The 50,000 objects in the textile collections fall into two main categories: raw fibers, yarns, and fabrics, and machines, tools, and other textile technology. Shawls, coverlets, samplers, laces, linens, synthetics, and other fabrics are part of the first group, along with the 400 quilts in the National Quilt Collection. Some of the Museum's most popular artifacts, such as the Star-Spangled Banner and the gowns of the first ladies, have an obvious textile connection.
The machinery and tools include spinning wheels, sewing machines, thimbles, needlework tools, looms, and an invention that changed the course of American agriculture and society. A model of Eli Whitney's cotton gin, made by the inventor in the early 1800s, shows the workings of a machine that helped make cotton plantations profitable in the South and encouraged the spread of slavery.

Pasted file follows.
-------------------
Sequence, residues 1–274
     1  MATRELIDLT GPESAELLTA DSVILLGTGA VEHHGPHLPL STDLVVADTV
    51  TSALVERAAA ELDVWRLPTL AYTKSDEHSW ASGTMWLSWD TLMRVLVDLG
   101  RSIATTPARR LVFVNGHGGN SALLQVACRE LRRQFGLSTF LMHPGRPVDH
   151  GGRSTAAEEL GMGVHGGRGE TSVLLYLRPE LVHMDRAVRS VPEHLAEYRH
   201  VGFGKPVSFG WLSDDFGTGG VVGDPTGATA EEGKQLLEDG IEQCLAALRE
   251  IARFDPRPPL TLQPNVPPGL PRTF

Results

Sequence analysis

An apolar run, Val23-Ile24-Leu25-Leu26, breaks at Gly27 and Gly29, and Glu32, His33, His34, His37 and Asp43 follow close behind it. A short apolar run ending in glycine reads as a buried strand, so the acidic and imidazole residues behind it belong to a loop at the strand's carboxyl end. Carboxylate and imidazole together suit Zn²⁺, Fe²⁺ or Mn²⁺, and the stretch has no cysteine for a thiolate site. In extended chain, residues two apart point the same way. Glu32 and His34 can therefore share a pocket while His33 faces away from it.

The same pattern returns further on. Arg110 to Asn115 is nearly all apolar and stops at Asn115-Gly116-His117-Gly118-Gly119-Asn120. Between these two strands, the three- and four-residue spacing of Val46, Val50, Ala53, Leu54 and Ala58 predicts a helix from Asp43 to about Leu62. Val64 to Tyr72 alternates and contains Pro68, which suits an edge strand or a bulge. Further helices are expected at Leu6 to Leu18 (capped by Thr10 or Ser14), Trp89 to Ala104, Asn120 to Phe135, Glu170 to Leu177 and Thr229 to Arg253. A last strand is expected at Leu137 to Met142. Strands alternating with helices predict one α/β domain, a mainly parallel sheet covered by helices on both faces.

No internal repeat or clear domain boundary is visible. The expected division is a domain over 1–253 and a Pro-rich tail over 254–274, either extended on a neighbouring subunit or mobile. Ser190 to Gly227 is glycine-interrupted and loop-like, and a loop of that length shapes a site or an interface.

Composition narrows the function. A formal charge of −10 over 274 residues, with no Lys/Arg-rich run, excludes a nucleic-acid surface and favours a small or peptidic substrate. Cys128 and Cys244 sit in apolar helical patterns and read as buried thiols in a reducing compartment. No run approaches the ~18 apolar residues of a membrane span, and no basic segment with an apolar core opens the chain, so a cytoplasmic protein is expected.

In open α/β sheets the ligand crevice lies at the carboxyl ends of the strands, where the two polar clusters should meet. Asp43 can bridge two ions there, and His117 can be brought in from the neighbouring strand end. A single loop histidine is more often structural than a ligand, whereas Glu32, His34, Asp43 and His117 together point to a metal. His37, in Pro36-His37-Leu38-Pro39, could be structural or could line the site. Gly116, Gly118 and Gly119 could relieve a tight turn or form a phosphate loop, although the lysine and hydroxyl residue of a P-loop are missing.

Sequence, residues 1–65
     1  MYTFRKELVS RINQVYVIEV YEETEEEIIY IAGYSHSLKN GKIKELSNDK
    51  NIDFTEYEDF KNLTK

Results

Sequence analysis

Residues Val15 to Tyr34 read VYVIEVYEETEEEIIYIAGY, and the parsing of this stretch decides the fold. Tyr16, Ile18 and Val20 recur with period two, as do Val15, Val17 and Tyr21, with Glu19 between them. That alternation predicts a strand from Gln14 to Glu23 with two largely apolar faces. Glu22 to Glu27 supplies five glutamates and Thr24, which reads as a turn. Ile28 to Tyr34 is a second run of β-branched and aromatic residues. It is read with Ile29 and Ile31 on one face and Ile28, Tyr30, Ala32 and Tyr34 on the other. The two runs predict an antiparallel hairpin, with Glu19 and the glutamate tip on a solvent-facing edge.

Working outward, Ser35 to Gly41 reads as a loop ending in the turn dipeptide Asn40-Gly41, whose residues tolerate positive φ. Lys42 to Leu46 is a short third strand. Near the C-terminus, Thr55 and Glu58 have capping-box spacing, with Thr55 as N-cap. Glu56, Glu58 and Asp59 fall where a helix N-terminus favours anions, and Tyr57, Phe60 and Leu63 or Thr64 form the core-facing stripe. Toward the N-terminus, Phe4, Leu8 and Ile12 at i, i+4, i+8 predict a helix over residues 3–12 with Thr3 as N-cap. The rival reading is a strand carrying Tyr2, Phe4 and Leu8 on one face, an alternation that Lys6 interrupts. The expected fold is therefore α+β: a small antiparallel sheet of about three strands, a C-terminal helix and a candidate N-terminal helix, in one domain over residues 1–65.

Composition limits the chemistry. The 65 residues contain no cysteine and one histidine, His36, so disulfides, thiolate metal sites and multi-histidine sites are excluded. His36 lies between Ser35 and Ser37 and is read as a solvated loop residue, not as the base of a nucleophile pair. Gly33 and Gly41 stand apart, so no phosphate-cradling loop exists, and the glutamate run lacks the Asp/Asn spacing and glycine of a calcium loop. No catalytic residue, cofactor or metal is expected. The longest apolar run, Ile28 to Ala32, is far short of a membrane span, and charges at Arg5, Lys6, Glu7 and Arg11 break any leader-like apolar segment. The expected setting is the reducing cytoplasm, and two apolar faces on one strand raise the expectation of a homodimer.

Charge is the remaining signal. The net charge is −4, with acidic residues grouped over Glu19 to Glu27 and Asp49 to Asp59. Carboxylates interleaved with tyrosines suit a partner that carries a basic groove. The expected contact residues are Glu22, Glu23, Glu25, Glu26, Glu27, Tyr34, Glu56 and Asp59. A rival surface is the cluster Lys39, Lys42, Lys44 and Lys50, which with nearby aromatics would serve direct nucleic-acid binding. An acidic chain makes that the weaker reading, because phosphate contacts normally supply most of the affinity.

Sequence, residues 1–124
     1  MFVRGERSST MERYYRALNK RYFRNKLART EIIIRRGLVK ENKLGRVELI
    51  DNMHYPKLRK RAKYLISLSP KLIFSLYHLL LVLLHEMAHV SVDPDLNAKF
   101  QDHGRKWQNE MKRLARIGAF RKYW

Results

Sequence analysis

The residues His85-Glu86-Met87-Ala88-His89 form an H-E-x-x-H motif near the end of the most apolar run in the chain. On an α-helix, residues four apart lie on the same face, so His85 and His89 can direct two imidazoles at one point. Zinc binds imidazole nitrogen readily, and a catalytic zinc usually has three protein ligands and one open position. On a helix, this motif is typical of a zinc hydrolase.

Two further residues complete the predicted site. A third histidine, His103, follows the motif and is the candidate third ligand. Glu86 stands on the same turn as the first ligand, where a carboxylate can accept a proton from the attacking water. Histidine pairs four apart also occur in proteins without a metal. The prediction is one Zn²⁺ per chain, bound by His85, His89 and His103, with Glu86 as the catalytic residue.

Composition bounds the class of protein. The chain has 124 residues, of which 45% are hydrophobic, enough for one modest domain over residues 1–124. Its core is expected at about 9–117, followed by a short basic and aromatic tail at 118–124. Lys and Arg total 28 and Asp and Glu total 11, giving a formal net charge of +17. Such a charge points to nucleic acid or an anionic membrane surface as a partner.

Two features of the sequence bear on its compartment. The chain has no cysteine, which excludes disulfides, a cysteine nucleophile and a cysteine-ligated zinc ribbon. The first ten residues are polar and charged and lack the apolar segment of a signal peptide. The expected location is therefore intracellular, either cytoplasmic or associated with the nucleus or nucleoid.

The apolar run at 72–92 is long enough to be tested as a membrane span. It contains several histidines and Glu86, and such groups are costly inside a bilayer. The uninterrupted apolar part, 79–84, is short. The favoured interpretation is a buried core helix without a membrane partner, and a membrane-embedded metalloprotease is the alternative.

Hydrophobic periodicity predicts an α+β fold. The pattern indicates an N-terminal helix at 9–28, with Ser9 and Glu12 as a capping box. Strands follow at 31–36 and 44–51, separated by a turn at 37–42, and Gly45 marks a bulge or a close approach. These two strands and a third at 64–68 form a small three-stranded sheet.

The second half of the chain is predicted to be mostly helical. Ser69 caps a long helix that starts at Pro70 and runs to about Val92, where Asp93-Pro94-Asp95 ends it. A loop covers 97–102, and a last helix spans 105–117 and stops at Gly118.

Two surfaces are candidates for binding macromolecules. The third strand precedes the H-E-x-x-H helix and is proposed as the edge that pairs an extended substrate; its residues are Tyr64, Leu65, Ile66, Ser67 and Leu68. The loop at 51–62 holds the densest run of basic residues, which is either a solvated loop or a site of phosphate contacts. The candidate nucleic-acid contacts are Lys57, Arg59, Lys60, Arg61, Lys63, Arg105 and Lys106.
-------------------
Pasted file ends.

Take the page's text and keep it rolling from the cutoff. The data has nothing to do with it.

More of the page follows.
"Textiles - Overview" showing 1 items.
- Loom Temple Patent Model
- Patent No. 987, issued October 19, 1838
- Emory A. Angell of Killingly, Connecticut
- In his patent specification, Angell stated that “this temple is of the kind which holds the selvage of the cloth between jaws, which are opened by the beat of the lathe, and is in many respects similar to such as have been long in use.” He claimed, as his invention, the way in which the upper and lower jaws were connected by pins to form the hinge-joints.
- On the original wrapper containing the patent application papers is a faint handwritten note “see Saml. P. Mason’s Temple July 1837.” In the process of checking Angell’s patent, Charles M. Keller, the patent examiner, probably wrote that notation but found no conflict with the Mason patent and thus granted Angell his patent.
- Currently not on view
- model constructed
- before 1838-10-19
- patent date
- Angell, Emory A.
- ID Number
- catalog number
- accession number
- patent number
- Data Source
- National Museum of American History, Kenneth E. Behring Center